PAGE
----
Rule 302 – Applying State Law to Presumptions in Civil Cases

In a civil case, state law governs the effect of a presumption regarding a claim or defense for which state law supplies the rule of decision.

Summary and Explanation

Federal Rule of Evidence 302 deals with the application of state law to presumptions in civil cases when federal jurisdiction is based on diversity of citizenship. This rule is a part of the United States Federal Rules of Evidence, which are applied in federal court proceedings.

Key aspects of Rule 302 include:

  1. State Law in Diversity Cases: In civil cases where the federal court’s jurisdiction is based on the diversity of citizenship of the parties (meaning the parties are from different states or countries), the rule states that state law governs the effect of presumptions.
  2. Presumptions Defined: A presumption is a legal rule that allows a court to assume a fact is true until it is rebutted by evidence. The effect of a presumption can include shifting the burden of producing evidence or even the burden of persuasion to the party against whom the presumption is directed.
  3. Federal vs. State Law: When federal law applies, such as in federal question cases (cases arising under the Constitution, laws, or treaties of the United States), federal rules on presumptions apply. However, Rule 302 specifically addresses situations where state law provides the rule of decision, ensuring that state legal principles are respected in the federal system.
  4. Practical Implication: This rule ensures that in diversity cases, the legal principles regarding presumptions from the relevant state are applied. This maintains consistency with how the case would be treated if it were tried in a state court.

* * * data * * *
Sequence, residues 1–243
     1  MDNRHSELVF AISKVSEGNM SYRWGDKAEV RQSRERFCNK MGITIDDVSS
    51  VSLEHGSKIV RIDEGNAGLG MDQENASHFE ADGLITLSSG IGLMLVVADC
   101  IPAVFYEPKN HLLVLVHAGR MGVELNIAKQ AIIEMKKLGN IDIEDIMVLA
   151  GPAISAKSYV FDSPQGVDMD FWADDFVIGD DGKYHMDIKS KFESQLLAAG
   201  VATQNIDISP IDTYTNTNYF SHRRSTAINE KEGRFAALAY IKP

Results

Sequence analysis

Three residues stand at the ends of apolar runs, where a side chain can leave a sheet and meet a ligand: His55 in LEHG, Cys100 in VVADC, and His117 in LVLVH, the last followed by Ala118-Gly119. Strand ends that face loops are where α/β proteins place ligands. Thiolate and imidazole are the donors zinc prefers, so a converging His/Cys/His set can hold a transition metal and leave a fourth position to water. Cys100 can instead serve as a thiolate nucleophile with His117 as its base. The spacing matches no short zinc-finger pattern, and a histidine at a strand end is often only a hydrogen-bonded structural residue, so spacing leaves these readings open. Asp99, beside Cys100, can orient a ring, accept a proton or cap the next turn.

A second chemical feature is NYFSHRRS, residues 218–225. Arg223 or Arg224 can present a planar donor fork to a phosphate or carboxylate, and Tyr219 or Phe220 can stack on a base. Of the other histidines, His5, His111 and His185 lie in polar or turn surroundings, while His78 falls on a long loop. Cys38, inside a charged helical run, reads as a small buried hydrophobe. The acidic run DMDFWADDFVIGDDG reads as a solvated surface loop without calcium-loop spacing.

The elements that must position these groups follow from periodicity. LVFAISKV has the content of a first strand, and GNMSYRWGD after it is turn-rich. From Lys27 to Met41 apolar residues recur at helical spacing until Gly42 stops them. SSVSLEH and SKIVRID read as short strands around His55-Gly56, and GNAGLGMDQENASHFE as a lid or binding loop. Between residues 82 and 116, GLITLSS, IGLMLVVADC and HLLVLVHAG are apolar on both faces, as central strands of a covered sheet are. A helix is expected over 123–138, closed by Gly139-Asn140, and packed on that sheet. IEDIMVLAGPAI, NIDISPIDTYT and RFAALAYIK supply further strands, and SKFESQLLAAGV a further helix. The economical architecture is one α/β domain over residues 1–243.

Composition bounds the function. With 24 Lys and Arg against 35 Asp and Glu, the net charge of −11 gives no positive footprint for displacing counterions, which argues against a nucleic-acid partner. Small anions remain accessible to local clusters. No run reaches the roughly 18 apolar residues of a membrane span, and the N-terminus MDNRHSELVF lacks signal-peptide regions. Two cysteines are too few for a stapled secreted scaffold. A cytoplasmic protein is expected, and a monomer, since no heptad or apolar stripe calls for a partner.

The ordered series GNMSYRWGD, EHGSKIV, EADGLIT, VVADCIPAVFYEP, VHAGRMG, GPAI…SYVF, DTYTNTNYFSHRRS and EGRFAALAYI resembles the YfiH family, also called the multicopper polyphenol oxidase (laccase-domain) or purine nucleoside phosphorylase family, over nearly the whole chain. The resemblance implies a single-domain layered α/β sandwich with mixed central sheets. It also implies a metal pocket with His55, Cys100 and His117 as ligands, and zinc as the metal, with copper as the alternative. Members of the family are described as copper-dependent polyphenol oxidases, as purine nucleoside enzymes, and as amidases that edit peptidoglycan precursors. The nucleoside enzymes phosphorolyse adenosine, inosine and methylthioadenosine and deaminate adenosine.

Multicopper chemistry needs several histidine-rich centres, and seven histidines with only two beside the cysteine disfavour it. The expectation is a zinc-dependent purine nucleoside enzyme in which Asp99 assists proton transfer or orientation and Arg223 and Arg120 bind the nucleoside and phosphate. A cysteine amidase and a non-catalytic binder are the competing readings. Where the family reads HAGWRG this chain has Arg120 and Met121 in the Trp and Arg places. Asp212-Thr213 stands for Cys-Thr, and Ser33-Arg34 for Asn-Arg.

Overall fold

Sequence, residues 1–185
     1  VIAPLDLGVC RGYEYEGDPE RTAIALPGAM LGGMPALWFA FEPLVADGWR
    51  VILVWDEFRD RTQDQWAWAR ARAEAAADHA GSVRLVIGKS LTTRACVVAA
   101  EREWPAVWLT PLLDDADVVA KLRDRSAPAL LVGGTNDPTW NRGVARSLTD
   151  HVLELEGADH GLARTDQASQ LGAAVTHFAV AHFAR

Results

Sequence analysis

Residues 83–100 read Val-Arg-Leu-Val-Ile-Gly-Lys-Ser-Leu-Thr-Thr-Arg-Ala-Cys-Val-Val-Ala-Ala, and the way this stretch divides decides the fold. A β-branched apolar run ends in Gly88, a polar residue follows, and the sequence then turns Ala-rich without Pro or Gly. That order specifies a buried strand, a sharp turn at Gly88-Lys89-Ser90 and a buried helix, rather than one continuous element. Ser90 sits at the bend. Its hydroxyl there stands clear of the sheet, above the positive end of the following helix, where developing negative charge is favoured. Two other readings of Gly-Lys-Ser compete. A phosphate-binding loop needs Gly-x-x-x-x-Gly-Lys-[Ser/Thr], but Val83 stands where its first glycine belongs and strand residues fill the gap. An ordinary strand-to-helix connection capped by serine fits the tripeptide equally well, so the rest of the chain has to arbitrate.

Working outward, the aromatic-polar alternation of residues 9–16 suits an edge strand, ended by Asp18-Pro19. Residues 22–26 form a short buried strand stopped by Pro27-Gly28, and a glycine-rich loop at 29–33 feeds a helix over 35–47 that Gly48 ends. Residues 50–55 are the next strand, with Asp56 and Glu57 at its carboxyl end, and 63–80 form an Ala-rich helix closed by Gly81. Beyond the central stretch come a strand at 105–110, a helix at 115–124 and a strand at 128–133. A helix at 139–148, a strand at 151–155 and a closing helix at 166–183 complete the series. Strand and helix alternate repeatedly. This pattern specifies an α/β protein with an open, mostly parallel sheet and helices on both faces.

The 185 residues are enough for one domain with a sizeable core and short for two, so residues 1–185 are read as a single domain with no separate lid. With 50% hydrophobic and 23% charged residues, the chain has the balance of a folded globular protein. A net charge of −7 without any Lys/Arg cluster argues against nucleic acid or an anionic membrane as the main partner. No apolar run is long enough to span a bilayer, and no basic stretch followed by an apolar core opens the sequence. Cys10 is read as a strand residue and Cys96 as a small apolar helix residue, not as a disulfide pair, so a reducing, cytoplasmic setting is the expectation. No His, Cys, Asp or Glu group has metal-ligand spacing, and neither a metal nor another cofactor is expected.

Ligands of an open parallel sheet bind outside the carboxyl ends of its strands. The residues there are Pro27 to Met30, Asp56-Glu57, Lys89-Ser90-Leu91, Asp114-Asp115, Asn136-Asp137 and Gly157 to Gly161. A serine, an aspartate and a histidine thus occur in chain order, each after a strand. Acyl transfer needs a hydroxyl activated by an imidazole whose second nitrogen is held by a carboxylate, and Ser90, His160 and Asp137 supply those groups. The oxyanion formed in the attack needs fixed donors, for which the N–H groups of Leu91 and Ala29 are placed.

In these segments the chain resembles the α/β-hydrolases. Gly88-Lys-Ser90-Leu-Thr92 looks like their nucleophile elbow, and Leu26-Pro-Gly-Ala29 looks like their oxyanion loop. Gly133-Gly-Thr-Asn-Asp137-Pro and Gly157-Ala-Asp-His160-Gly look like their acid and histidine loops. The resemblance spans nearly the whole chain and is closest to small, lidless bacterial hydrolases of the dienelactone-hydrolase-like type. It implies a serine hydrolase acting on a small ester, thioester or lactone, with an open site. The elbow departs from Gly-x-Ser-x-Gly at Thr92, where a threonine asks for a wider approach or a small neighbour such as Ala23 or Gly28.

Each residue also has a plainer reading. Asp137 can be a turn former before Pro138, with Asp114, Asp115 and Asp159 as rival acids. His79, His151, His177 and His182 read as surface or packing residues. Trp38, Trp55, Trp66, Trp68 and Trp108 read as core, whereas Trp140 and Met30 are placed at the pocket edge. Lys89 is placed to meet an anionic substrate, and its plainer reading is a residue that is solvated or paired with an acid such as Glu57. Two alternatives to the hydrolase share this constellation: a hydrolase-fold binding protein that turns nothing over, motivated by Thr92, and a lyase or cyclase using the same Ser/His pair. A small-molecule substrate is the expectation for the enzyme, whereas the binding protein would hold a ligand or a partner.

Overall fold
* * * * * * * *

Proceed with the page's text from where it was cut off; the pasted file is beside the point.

Federal Rule of Evidence 302 specifies that in civil cases under federal jurisdiction due to diversity of citizenship, the effect of presumptions is determined by state law. This rule is important for ensuring that state legal principles are applied appropriately in the federal system, particularly in situations where state law governs the substantive issues of the case.


(Pub. L. 93–595, §1, Jan. 2, 1975, 88 Stat. 1931; Apr. 26, 2011, eff. Dec. 1, 2011.)

Notes of Advisory Committee on Proposed Rules

A series of Supreme Court decisions in diversity cases leaves no doubt of the relevance of Erie Railroad Co. v. Tompkins, 304 U.S. 64, 58 S.Ct. 817, 82 L.Ed. 1188 (1938), to questions of burden of proof. These decisions are Cities Service Oil Co. v. Dunlap, 308 U.S. 208, 60 S.Ct. 201, 84 L.Ed. 196 (1939), Palmer v. Hoffman, 318 U.S. 109, 63 S.Ct. 477, 87 L.Ed. 645 (1943), and Dick v. New York Life Ins. Co., 359 U.S. 437, 79 S.Ct. 921, 3 L.Ed.2d 935 (1959). They involved burden of proof, respectively, as to status as bona fide purchasers, contributory negligence, and non-accidental death (suicide) of an insured. In each instance the state rule was held to be applicable. It does not follow, however, that all presumptions in diversity cases are governed by state law. In each case cited, the burden of proof question had to do with a substantive element of the claim or defense. Application of the state law is called for only when the presumption operates upon such an element. Accordingly the rule does not apply state law when the presumption operates upon a lesser aspect of the case, i.e. “tactical” presumptions.

The situations in which the state law is applied have been tagged for convenience in the preceding discussion as “diversity cases.” The designation is not a completely accurate one since Erie applies to any claim or issue having its source in state law, regardless of the basis of federal jurisdiction, and does not apply to a federal claim or issue, even though jurisdiction is based on diversity. Vestal, Erie R.R. v. Tompkins: A Projection, 48 Iowa L.Rev. 248, 257 (1963); Hart and Wechsler, The Federal Courts and the Federal System, 697 (1953); 1A Moore, Federal Practice 0.305[3] (2d ed. 1965); Wright, Federal Courts, 217–218 (1963). Hence the rule employs, as appropriately descriptive, the phrase “as to which state law supplies the rule of decision.” See A.L.I. Study of the Division of Jurisdiction Between State and Federal Courts, §2344(c), p. 40, P.F.D. No. 1 (1965).

Committee Notes on Rules—2011 Amendment

The language of Rule 302 has been amended as part of the restyling of the Evidence Rules to make them more easily understood and to make style and terminology consistent throughout the rules. These changes are intended to be stylistic only. There is no intent to change any result in any ruling on evidence admissibility.

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